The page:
Background: A difficult to manage comorbid condition, like chronic pain, could adversely affect the delivery of recommended care for other serious health problems, such as hypertension.
Objective: We examined whether addressing pain at a primary care visit acts as a competing demand in decisions to intensify blood pressure (BP) medications for diabetic patients with an elevated BP.
Design: Prospective cohort study.
Participants: 1,169 diabetic patients with a BP > or = 140/90 prior to a primary care provider (PCP) visit were enrolled.
Measurements: After the visit, PCPs provided information about the top three issues discussed and whether hypertension medications were intensified or reasons for not intensifying. We used multi-level logistic regression to assess whether discussing pain during the visit decreased the likelihood of BP medication intensification. We calculated predicted probabilities of medication intensification by whether pain was discussed.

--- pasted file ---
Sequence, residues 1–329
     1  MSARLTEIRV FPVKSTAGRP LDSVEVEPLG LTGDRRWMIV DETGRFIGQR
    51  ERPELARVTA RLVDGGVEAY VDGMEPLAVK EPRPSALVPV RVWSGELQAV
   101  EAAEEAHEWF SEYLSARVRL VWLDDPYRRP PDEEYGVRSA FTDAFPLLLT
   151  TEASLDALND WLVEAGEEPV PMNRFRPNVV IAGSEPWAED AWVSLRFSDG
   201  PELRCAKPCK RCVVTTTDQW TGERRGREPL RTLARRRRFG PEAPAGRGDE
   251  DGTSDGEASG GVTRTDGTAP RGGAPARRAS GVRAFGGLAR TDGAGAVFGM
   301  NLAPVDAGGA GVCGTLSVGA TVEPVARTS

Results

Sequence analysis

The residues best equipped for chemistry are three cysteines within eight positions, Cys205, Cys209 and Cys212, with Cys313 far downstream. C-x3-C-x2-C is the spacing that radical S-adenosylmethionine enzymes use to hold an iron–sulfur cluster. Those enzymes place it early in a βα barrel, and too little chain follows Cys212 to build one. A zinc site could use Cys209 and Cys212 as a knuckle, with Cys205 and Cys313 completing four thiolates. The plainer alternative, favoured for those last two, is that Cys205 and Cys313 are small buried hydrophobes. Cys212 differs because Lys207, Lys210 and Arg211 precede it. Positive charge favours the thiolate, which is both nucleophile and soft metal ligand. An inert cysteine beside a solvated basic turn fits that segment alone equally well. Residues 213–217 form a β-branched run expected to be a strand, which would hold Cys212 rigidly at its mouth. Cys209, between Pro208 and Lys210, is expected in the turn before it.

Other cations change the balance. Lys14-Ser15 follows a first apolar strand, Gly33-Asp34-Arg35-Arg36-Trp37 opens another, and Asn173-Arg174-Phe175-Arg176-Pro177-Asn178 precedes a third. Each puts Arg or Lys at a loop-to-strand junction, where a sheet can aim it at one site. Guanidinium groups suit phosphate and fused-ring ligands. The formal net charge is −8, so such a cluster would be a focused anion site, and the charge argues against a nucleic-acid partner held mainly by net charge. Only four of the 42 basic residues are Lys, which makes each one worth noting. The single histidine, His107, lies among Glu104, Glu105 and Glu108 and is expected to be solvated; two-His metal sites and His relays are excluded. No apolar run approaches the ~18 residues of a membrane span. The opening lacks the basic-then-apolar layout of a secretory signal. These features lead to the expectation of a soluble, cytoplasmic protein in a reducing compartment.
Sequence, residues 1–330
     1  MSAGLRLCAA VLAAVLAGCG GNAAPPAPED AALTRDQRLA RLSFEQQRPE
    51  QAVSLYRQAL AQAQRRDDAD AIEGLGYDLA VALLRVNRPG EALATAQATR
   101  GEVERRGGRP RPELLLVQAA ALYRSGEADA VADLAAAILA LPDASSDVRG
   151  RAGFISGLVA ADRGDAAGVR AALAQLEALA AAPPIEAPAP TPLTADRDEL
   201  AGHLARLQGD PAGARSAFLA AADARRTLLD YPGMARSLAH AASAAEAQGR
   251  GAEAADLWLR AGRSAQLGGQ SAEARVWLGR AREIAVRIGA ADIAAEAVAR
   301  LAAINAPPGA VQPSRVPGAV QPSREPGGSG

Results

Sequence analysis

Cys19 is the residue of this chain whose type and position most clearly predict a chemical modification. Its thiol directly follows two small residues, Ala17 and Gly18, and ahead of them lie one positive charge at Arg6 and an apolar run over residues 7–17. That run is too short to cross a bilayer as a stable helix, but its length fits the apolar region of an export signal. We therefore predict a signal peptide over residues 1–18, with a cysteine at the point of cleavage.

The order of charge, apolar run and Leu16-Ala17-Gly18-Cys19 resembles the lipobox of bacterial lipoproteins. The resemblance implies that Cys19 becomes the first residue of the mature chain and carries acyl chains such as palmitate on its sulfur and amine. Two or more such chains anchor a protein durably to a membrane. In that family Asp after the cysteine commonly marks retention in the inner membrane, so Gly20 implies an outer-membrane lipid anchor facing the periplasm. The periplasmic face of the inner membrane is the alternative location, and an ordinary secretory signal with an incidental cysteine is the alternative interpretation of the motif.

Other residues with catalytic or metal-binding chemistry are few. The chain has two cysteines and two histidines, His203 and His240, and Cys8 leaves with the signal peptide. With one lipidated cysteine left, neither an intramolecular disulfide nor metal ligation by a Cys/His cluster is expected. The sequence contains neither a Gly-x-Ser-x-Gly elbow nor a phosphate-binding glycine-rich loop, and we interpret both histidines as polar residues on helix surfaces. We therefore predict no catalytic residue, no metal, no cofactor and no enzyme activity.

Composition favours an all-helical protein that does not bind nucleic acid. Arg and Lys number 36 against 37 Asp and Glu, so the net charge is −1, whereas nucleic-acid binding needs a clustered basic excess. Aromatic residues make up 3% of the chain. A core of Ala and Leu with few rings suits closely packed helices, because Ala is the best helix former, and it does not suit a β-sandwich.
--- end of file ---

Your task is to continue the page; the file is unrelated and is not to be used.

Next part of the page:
Results: PCPs discussed pain during 222 (20%) of the visits. Visit BP did not differ between patients with whom pain was and was not discussed. BP medications were intensified during 44% of the visits. The predicted probability of BP medication intensification when pain was discussed was significantly lower than when pain was not discussed (35% vs. 46%, p = 0.02).
Conclusions: Discussing pain at a primary care visit competed with the intensification of BP medication. This finding is concerning given that controlling blood pressure may be the most important factor in decreasing long-term complications for patients with diabetes. Better care management models for complex patients are needed to ensure that both pain and other chronic conditions are adequately addressed.